The main character Noemí was just the right amount of sassy and defiant to be interesting and likable. On the surface she seemed like such a spoiled brat but as we got to know her, it was clear she had a soft spot for her cousin, Catalina, and wanted to help her in any way that she could. Francis was the unlikely and unexpected hero of the book. There wasn’t any need for a romance in this one but we got a little romance all the same and I thought it was sweet and I loved that Naomi went for the underdog instead of the ‘dangerous’ man who dominates the genre.

This book is probably going to be one of my favorite reads of the year. It was haunting and nostalgic at the same time. I have been searching for modern takes on the classic Gothic novel and all I ever seem to find are domestic suspense novels…..this book was written for me and I absolutely loved it. I sure hope she writes more novels like this or even set in this same world with new or familiar characters from this book. I can’t sing the splendor of this book any louder! Read it, you will love it!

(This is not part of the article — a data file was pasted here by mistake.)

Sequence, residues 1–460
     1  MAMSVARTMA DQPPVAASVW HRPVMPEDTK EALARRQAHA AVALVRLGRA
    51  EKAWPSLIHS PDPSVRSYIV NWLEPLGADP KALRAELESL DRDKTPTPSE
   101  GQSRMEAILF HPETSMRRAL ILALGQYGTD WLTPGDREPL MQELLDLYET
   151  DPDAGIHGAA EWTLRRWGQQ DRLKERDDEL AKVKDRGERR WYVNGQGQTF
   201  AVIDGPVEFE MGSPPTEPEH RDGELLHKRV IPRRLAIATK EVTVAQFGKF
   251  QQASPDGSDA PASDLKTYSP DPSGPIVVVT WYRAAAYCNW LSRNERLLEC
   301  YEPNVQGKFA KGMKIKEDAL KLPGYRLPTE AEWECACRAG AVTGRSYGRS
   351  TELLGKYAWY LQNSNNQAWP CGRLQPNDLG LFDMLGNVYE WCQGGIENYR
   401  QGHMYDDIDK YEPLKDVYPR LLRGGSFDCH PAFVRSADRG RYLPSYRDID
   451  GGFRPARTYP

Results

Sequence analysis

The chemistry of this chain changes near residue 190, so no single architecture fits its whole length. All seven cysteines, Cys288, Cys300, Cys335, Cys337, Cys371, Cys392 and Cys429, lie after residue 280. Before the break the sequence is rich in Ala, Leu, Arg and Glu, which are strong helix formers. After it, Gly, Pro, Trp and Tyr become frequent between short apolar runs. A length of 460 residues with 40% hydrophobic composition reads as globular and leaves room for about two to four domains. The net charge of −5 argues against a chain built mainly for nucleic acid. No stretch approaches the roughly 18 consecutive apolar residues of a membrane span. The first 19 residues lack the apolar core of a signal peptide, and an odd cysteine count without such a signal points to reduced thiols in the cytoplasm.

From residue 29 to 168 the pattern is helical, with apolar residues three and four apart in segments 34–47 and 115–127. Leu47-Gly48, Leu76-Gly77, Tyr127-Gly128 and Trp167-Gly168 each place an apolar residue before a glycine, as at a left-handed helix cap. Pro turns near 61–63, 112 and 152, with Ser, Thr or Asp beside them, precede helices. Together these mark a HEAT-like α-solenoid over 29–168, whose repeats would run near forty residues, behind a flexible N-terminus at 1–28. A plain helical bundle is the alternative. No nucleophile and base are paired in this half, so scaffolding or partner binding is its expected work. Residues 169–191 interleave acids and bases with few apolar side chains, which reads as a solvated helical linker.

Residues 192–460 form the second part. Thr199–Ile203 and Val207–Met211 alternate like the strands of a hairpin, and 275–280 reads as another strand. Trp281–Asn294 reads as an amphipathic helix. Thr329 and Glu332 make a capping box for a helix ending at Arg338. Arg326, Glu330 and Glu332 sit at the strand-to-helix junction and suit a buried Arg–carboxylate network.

Book Info and Rating

Kindle Edition, 320 pages
Published June 30th 2020 by Del Rey
Free review copy provided by publisher, Penguin Random House/Del Rey, in exchange for an honest review. All opinions are my own and in no way influenced.
Rating: 5 stars—if I could give it more I would!
Genre: horror, historical fiction




3 thoughts on “Review: Mexican Gothic by Silvia Moreno-Garcia

  1. Hallo, Hallo Anne,

    I was curious about ‘Mexican Gothic’ ever since it first released – initially, I thought it was more traditionally writ into the Horror genre than being a throwback novel into the Southern Gothic and/or traditional Gothic genre of where it is more Hitchtockian in the Classic Horror category of Psychological Suspense than parlaying into the graphically horrific nature of the genre today. I, personally, am an appreciator of Classic Horror, Psychological Suspense, Southern Gothic and what I count as ‘Cosy Horror’ – which I regularly read and review as well.